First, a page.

1. Mazo

    Mazo New member

    Jan 22, 2019
    3
    My wife is 68, has advanced dementia diagnosed 8 years ago, and has been in a care home for 4 years, where I stay with her 4 nights a week.

    She has everythging done for her, cannot talk and does not understand instructions, but is still able to walk slowly, with assitance, and still responds to me, to her carers and to regular visitors. Apart from meals the only activity she has is that she regularly goes out for accompanied walks lasting over an hour.


    Over the last two years, her condition has stablilised with little deterioration and we put this down to keeping her mobile, so mobility is key, as there is little else she can do other than listen to music.


    The current problem is that she tends to suddenly sit down, when there is no chair, particularly when in the tioilet or other confined space, or when she is being dressed – she does not do it while walking.


    Typically ther carers prevent her falling heavily, but the home is increasingly concerned by the risk to the carers and we are meeting to consider the best options for managing the situation.


    The home seeks advice from physiothrapists, but in the past their contribution has not always been very helpful, as they sometimes seem more concerned to enforce the letter of the regulation than to give constructive advice on keeping my wife mobile.


    I am wondering if any others have had similar experiences and I am looking for advice


    1. Techniques to reduce the liklihood of my wife sitting down inappropriately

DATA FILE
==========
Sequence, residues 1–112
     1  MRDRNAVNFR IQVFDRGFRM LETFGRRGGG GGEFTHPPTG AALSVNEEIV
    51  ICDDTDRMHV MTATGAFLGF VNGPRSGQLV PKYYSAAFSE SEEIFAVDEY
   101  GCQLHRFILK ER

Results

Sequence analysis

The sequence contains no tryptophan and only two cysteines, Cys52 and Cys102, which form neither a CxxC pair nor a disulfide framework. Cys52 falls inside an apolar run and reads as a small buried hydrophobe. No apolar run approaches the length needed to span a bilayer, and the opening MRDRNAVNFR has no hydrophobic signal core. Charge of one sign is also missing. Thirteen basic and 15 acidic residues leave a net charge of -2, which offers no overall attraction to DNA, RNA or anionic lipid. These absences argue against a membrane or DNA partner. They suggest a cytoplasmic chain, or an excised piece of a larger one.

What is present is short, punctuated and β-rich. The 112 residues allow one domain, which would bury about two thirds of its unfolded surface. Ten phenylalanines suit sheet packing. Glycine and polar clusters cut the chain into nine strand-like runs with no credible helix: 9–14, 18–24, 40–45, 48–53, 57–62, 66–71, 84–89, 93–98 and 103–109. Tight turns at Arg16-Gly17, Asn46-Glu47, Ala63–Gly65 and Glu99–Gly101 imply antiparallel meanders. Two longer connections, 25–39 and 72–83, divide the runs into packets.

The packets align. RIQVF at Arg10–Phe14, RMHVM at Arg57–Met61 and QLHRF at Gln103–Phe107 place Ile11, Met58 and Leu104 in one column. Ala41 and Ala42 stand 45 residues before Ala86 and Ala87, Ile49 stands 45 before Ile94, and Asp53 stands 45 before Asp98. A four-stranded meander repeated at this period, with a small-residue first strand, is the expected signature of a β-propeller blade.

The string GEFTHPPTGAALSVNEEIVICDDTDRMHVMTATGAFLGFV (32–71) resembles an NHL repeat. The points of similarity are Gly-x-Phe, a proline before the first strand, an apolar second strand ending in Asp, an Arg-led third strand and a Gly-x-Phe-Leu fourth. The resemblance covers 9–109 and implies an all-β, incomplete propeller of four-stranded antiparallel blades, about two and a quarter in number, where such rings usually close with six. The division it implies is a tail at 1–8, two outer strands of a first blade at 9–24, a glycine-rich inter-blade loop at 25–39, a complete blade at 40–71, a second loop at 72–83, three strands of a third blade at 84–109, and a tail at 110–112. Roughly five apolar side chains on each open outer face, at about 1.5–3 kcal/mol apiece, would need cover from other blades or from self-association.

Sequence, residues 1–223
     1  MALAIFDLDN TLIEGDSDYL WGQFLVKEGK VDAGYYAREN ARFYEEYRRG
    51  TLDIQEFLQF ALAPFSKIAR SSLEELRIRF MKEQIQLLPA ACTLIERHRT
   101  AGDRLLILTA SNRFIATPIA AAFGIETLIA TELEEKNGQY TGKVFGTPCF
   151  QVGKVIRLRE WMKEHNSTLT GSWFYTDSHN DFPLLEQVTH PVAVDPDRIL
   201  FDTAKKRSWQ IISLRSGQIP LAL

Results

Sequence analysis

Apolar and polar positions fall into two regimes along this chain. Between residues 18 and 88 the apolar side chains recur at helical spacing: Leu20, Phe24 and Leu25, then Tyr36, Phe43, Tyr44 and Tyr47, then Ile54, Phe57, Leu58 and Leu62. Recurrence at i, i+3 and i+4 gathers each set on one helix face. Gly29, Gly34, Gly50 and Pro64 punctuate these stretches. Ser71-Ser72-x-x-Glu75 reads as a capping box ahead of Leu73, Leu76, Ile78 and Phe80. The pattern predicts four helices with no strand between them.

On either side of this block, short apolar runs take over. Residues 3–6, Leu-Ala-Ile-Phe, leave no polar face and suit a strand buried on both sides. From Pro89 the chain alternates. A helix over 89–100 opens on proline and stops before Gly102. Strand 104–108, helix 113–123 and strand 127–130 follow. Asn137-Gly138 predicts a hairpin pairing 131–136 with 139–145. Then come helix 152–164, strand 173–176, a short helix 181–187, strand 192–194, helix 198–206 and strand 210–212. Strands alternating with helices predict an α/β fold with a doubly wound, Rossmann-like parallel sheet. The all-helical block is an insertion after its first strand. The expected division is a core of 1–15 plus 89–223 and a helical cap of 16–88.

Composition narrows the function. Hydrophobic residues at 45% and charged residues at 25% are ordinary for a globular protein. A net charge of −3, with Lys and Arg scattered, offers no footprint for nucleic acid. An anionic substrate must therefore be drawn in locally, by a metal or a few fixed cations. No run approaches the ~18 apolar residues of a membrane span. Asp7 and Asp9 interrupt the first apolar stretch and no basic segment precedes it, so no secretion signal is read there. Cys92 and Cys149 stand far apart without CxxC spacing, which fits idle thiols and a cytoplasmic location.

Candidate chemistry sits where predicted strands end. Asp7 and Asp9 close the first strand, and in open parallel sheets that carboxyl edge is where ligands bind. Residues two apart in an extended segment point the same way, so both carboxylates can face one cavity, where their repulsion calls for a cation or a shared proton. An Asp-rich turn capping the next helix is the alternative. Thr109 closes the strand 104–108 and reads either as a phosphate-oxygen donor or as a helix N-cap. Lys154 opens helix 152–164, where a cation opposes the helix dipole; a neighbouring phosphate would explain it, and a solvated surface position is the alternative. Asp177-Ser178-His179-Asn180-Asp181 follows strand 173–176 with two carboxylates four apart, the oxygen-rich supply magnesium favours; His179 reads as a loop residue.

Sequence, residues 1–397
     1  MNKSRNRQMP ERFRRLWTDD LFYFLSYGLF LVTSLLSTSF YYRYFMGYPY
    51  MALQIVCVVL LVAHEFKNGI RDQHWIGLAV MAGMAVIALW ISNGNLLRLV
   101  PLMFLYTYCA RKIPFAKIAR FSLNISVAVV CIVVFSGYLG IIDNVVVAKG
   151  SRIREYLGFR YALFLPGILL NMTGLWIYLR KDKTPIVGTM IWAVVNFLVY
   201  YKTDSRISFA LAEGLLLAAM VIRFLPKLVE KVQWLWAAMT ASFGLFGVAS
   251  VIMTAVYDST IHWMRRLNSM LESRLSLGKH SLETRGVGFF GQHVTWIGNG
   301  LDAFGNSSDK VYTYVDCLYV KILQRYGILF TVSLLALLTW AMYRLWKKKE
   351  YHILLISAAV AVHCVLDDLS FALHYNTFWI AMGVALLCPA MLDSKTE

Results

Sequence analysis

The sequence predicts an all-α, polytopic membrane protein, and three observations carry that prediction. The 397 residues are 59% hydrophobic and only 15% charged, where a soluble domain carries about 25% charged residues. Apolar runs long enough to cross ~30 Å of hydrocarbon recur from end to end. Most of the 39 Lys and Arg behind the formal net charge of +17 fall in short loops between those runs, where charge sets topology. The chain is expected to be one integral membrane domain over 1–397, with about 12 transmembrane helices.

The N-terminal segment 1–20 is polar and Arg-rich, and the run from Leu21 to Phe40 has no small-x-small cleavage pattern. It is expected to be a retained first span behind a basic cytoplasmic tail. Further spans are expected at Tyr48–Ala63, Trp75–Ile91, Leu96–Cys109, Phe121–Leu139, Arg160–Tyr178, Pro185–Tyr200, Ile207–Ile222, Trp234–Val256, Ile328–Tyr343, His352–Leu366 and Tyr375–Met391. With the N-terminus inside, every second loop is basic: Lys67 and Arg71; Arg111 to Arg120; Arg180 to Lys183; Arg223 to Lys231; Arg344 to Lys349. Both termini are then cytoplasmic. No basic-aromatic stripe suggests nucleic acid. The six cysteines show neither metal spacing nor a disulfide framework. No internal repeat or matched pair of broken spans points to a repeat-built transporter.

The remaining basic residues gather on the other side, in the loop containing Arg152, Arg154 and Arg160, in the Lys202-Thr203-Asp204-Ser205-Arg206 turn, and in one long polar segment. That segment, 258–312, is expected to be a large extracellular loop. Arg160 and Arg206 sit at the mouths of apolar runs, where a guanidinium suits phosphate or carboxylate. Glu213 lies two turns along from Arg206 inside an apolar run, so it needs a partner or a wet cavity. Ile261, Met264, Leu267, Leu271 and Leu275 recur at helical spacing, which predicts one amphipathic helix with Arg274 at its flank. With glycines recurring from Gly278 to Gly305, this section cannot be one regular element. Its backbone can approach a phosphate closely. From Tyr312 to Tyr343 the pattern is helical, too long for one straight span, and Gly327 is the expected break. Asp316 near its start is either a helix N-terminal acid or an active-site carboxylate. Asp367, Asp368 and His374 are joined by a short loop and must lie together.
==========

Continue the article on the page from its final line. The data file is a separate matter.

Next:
2. How to handle it when she does


    Many thanks



    Mazo
     
  2. canary

    canary Registered User

    Feb 25, 2014
    10,268
    Female
    South coast
    Hello @Mazo and welcome to Talking Point.

    Thats a tricky problem. Im guessing that your wife knows that she needs to sit down, but is unable to understand that the chair, toilet, etc is not there. Im not sure how it could be addressed, but there may be others who have come across this.
     
  3. karaokePete

    karaokePete Registered User

    Jul 23, 2017
    4,898
    N Ireland
    Hello @Mazo, welcome from me too.

    I have never come across that problem, nor seen it discusses on the forum. I wonder if it may be worth talking to the experts on the help line to see if they have encountered the situation before. Help line details are
    National Dementia Helpline
    0300 222 11 22
    Our helpline advisers are here for you.
    Helpline opening hours:
    Monday to Wednesday 9am – 8pm
    Thursday and Friday 9am – 5pm
    Saturday and Sunday 10am – 4pm


    It may also be worth trying the Admiral Nurses help line that can be found with this link
    https://www.dementiauk.org/get-support/dementia-helpline-alzheimers-helpline/
     
  4. Lawson58

    Lawson58 Registered User

    This sounds such a difficult problem, being so unpredictable. Just a thought - could she be having a blood pressure issue? A sudden drop in BP can cause dizziness, even fainting. Hopefully, this has been checked but it all sounds so odd. Let us know when you work it out.
     
  5. 70smand

    70smand Registered User

    Dec 4, 2011
    260
    Female
    Essex
    Hello Mazo, I’m sorry I have no great advice for you, but my dad used to do exactly the same thing. He had been very mobile until put on medication to calm his aggitation and angry outbursts. The worst thing was that although he didn’t hurt himself when he sat, he could not coordinate getting back up and needed hoisting off the floor. He had very poor perception and sometimes miscalculated where the chair was, or would sit on a table or someone else’s lap, but the sudden sitting down definitely started with commencing the drug olanzapine. It did improve when the dose was reduced but gradually his mobility deteriorated and the staff at his care home used to hoist or wheelchair him despite my mum and I trying to keep him mobile. They were understandably worried about him falling that they stopped walking him and he seemed to forget how to.
    I would have thought the best way to keep someone mobile would be to keep them walking with someone pushing a wheelchair behind them in case they decided to sit down. The staff were always surprised that mum and I could get dad to walk and just it took extra time and patience with someone behind with a wheelchair.